You can read the whole opinion here.

12 thoughts on “The American Bar Association Has Lost Faith In Professionalism, It Seems.

  1. I personally have no problem with hating opposing counsel, it just motivates me to be merciless. File motions just to bust shoes, paper them to death in discovery, don’t consent to adjournments, make objections all over the place during depositions to throw them off, interrupt during oral argument, etc. Of course it works best if you are on the defense side. If you are on the Plaintiff’s side you better have a damn good case before you act like that, because I, as a defense attorney, can tell you if you don’t cut the b******* I will never settle another case with your office again. it also works well if you are the prosecutor, because no defense attorney wants to be in a position where he can never get another plea bargain.

    Even so, things get ugly from time to time. The times I have really gotten unpleasant with opposing counsel to the point where I was going to curse them out or fight them are still under 10, but they happen. I have no patience with bullies or sharpers.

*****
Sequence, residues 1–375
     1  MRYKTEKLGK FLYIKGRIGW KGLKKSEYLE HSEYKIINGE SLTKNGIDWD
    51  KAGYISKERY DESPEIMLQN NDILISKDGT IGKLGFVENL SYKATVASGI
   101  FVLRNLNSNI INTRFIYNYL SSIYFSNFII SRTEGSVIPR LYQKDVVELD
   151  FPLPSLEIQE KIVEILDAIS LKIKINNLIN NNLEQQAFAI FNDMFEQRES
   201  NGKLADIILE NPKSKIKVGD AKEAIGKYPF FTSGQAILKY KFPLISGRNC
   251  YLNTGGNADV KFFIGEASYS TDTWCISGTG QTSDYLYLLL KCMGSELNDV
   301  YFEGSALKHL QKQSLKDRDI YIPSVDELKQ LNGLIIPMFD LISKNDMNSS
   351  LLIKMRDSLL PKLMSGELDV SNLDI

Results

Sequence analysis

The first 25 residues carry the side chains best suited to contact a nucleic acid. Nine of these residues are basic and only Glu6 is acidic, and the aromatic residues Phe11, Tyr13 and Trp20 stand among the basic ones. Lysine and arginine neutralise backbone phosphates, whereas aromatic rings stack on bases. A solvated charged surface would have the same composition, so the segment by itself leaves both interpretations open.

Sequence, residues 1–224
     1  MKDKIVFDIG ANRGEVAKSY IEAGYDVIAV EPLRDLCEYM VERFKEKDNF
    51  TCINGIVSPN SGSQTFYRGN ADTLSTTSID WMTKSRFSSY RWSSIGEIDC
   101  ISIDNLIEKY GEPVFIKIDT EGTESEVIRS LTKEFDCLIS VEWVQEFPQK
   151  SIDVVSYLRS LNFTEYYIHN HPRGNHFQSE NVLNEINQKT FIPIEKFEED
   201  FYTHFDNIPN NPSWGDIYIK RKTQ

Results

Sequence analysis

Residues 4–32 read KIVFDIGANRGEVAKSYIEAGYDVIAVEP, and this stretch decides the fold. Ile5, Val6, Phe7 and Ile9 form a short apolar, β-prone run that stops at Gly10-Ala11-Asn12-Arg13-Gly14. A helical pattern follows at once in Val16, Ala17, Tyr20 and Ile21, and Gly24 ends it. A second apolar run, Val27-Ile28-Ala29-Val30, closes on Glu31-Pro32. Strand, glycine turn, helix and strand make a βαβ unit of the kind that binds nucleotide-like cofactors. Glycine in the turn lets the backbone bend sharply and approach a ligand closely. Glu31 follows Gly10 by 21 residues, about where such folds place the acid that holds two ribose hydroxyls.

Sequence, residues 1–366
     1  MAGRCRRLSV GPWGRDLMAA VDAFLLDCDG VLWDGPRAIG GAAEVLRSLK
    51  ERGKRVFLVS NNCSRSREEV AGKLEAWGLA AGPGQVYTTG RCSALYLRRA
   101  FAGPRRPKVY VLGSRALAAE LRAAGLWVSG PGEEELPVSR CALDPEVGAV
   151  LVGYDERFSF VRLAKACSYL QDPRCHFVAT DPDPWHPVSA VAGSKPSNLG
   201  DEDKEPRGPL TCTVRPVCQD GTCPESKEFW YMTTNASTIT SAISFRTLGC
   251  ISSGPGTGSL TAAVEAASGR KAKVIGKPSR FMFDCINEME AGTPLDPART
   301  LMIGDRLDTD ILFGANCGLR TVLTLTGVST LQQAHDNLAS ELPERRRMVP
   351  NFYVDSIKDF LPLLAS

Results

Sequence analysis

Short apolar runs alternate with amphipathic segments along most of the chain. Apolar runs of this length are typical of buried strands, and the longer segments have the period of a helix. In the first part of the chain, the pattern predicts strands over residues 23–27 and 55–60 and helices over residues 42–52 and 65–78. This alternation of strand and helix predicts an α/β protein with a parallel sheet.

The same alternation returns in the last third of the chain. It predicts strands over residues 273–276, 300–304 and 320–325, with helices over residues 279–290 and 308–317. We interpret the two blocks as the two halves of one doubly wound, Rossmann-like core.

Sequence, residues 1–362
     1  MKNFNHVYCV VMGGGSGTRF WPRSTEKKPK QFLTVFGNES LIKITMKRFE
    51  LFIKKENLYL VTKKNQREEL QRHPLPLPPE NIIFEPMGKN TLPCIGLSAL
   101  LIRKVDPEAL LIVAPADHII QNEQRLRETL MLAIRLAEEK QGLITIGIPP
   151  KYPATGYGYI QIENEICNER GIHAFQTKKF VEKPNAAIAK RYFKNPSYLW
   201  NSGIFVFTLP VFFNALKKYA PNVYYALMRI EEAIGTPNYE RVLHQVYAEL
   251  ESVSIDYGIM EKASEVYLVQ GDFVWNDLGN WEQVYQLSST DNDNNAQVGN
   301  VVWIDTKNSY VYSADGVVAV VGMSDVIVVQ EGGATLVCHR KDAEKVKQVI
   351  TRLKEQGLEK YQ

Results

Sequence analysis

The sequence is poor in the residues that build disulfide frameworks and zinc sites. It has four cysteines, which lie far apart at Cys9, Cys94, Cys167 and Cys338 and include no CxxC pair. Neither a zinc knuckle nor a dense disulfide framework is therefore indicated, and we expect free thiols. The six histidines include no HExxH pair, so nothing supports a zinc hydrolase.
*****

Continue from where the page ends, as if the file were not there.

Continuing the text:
• It depends, and the key is knowing when it will and won’t. Yes, sometimes you have to bite your tongue, bide your time, and put it in the book for later. Someone embarrassed me during a deposition once, and there wasn’t a whole hell of a lot I could do about it, so I waited. Then came a case where he was on the hook for a lot, I was on for a little, but I refused to offer anything to facilitate a settlement, which was close, but fell apart without that. Then at trial he got hit for $500,000 over his policy limits, and I told him “You know, we could have settled this, but for that little stunt you pulled with the deposition in the other case. So ask yourself, before you have to explain this disaster to your client, was that little power trip worth it? I think not, and I hope you lose the client, you goddamned, mother-fucking sonofabitch!”